(This post was from yesterday. There were technical difficulties getting all the pics to upload).
Hey all! It’s Jen here bringing you the next round of action! It started off last night when it was raining cats and dogs. While the boys were moving their beds into the cafeteria to avoid getting drenched, all us girls couldn’t help but think “I’m so glad that we are sleeping in a dorm so we don’t have to deal with all this.” Little do we know that nights rain wasn’t a straight downpour but it was coming in sideways! Right through our windows and down the side beams of our room it soaked over half our beds and sheets! Lucky for most of us we had spare sheets so we didn’t have to sleep in the wet ones. This whole ordeal made me stop and think about my brother and dad’s trip to Philmont Scout Ranch where they got poured on the whole 10 days there. I now have a newfound respect for them sleeping in wet sleeping bags and tents the entire time. Kudos to you.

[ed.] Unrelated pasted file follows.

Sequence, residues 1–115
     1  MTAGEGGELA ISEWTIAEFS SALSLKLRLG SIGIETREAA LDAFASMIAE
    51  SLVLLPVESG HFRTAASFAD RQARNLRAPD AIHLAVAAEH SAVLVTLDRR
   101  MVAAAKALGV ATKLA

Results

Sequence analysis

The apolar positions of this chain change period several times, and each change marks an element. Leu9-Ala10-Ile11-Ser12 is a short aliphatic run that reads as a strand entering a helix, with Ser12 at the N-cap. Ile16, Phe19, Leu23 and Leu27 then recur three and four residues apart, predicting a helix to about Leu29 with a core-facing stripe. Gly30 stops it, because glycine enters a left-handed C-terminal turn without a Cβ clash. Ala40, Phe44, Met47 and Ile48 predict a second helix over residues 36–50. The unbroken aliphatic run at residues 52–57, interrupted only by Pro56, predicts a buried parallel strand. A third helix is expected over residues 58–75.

This morning kicked off a humbling chain of events. At about 8 in the morning our team, as well as the church’s womens group, loaded some plastic tubs onto a small motorboat to take to a little fishing village named Kapafu. During the boat ride over, which lasted about 45 minutes, Bailey, Natalie, and I had a wonderful conversation about an upcoming children’s book series. It will include exciting characters such as Bart the Heart and Sidney the Kidney. Stay tuned for our book release (if you are reading this, we’ll even sign your copy for free)!